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CES 2017: 5 Things We Learned, From Quantum Dots to VR

The annual tech expo shed some light on the future of entertainment, in which streaming and smart TVs will play a major part

The annual Consumer Electronics Show in Las Vegas is the spot for the latest scoop on showers you can control from an iPhone and fridges that tell you if you have the right ingredients for a perfect risotto. But it’s also the place where TV manufacturers introduce their latest and greatest technology to the world, providing more than a glimpse into how we’re going to consume video content in the near future.

Here are five big takeaways from this year’s tech extravaganza:

1. There is basically no distinction between traditional TV and streaming, and TV manufacturers want it that way
In a bid to win over younger customers who have often opted out of expensive pay-TV packages, TV manufacturers are making it much easier for them to watch streaming content on the big screen. Brands from Samsung to LG to upstarts like Hisense and TCL rolled out new lines of smart TVs that incorporate streaming services directly into their main interface, allowing users to browse between streaming content and live TV all on one screen. These TVs allow people to flip between HGTV and Netflix with the ease of toggling between channels 4 and 5, in what is probably not a welcome development to those broadcasting on channels 4 and 5.

And in the non-screen world, Dish Network’s Sling TV officially unveiled its AirTV Player at CES, an Android TV-powered device that combines over-the-air television (picked up through a HD antenna) with streaming services. Sling TV offers relatively limited “skinny bundles” with less than 50 channels for the most part, but placing the service on an interface with Netflix and broadcast channels makes it seem more robust — and makes cutting the cord seem like less of a sacrifice.

2. Quantum dot technology is the future of TV …
Liu Hong Xin, the president of Chinese conglomerate Hisense, told a crowd at CES that “manufacturers are approaching a technology intersection.” And it appears most of them are taking the quantum dot route.

Quantum dots are microscopic circles less than 50 atoms in diameter that emit different colors when they are hit by light depending on their size. There are two sizes of dots, larger ones, which glow red, and smaller ones, which glow green. The light-emitting diodes (or LEDs) that illuminate the dots are naturally blue, so between blue, red and green, the primary colors of white light, quantum dot TVs can render almost any color with pretty spectacular results. And several major brands have hitched their wagon to it as the future of flat screen TVs, including industry leaders Samsung and Sony, as well as Chinese upstarts Hisense and TCL.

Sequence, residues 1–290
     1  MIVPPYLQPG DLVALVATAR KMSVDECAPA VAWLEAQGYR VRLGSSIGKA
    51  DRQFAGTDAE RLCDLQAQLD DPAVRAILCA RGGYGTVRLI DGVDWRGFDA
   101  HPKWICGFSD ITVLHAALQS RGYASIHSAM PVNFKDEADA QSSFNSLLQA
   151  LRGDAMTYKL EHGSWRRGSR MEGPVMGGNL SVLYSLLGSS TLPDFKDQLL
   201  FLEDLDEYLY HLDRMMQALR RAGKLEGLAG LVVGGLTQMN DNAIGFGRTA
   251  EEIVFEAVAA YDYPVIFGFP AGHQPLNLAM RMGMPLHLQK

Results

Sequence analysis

3. … Unless OLED is
While most major manufacturers focused on quantum dots and short projection TVs, LG won one of the convention’s innovation awards with its latest flagship organic light-emitting diode (OLED) TV, which features an 0.2-inch thick “wallpaper” design that does away with clunky TV mounts. LG’s OLED technology was already known for its ridiculous picture quality, but OLED’s use of organic luminous material may present a disadvantage over time compared with inorganic quantum dots — or at least that’s what Samsung wants you to believe. Samsung and LG are two of the biggest fish in the smart TV pond, and their diverging technology strategies bear watching.

4. Virtual reality is becoming an obligatory part of tentpole movie marketing
Telecom equipment Qualcomm showed off its Snapdragon processor at CES by using it as the engine for a smartphone-based “Power Rangers” virtual reality experience, which was the main attraction at Qualcomm’s convention center booth. It was developed in partnership with Reel FX and Lionsgate, which is releasing “Power Rangers” on March 24. Fox rolled out “Planet of the Apes” VR and “Alien” augmented reality experiences, developed at its Fox Innovation Lab, and announced it would develop a VR experience for its “Alien: Covenant” movie with Ridley Scott as an executive producer. TheWrap did not talk to a single person at CES who expects a mega-budget blockbuster to be released anytime soon without some kind of VR tie-in.

5. The living room TV isn’t dead – it’s reinventing itself as the control center for the smart home
TheWrap attended a private demonstration of the graphics card firm NVIDIA’s new Shield set-top box where execs showed off its 4K streaming and gaming capabilities, but they saved its Google Assistant integration for the grand finale, using its voice-controlled remote to raise the thermostat, start a pot of coffee and find specific TV shows according to a set of parameters. And while standalone virtual assistants like the Amazon Echo and Google Home can control smart thermostats, locks and lights without using a screen, having 65 inches (or more) of Ultra HD real estate does enhance the experience and allow for visual feedback.

Lower-tier brands Seiki, Element and Westinghouse tried to stand out by incorporating Amazon’s Fire TV interface and its Alexa software, the technology behind the Echo. Samsung surprisingly hasn’t yet incorporated its SmartThings hub directly into its smart TVs, but with the NVIDIA Shield and a not-yet-released USB SmartThings dongle, there’s a not-too-difficult workaround.

And manufacturers from TCL to higher-end brands like Samsung and LG have dedicated efforts to making bigger and bigger screens look as unobtrusive as possible, whether they’re on or off. TCL unveiled its flagship X series, which has TVs as thin as 6.9 mm — and announced plans to develop a model just 3.9 mm thick. Samsung also introduced a “Lifestyle TV,” which displays a rendering of a piece of art instead of a black screen when it’s turned off. Hanging art on the wall when the show’s over? That’s truly a smart TV.